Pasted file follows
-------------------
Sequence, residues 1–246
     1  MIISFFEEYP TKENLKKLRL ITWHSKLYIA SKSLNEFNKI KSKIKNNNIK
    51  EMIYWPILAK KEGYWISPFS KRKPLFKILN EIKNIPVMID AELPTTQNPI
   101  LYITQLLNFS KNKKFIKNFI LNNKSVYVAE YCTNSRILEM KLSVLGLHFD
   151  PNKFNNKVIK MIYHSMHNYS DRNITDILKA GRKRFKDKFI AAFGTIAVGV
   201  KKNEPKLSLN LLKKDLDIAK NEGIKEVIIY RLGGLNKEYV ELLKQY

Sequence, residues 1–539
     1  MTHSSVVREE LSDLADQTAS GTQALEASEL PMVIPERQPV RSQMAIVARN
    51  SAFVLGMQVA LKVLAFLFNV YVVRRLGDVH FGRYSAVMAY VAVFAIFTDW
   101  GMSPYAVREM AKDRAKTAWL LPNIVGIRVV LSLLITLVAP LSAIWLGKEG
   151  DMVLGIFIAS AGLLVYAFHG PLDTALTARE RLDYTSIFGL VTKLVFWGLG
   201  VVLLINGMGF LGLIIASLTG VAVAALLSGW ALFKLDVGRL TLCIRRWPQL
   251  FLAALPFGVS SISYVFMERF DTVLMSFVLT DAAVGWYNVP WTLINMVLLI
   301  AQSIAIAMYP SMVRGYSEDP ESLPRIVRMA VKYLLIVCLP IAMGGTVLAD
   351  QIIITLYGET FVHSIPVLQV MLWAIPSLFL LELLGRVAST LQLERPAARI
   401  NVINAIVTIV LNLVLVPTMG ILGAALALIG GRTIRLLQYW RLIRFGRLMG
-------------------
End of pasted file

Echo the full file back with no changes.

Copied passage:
Sequence, residues 1–246
     1  MIISFFEEYP TKENLKKLRL ITWHSKLYIA SKSLNEFNKI KSKIKNNNIK
    51  EMIYWPILAK KEGYWISPFS KRKPLFKILN EIKNIPVMID AELPTTQNPI
   101  LYITQLLNFS KNKKFIKNFI LNNKSVYVAE YCTNSRILEM KLSVLGLHFD
   151  PNKFNNKVIK MIYHSMHNYS DRNITDILKA GRKRFKDKFI AAFGTIAVGV
   201  KKNEPKLSLN LLKKDLDIAK NEGIKEVIIY RLGGLNKEYV ELLKQY

Sequence, residues 1–539
     1  MTHSSVVREE LSDLADQTAS GTQALEASEL PMVIPERQPV RSQMAIVARN
    51  SAFVLGMQVA LKVLAFLFNV YVVRRLGDVH FGRYSAVMAY VAVFAIFTDW
   101  GMSPYAVREM AKDRAKTAWL LPNIVGIRVV LSLLITLVAP LSAIWLGKEG
   151  DMVLGIFIAS AGLLVYAFHG PLDTALTARE RLDYTSIFGL VTKLVFWGLG
   201  VVLLINGMGF LGLIIASLTG VAVAALLSGW ALFKLDVGRL TLCIRRWPQL
   251  FLAALPFGVS SISYVFMERF DTVLMSFVLT DAAVGWYNVP WTLINMVLLI
   301  AQSIAIAMYP SMVRGYSEDP ESLPRIVRMA VKYLLIVCLP IAMGGTVLAD
   351  QIIITLYGET FVHSIPVLQV MLWAIPSLFL LELLGRVAST LQLERPAARI
   401  NVINAIVTIV LNLVLVPTMG ILGAALALIG GRTIRLLQYW RLIRFGRLMG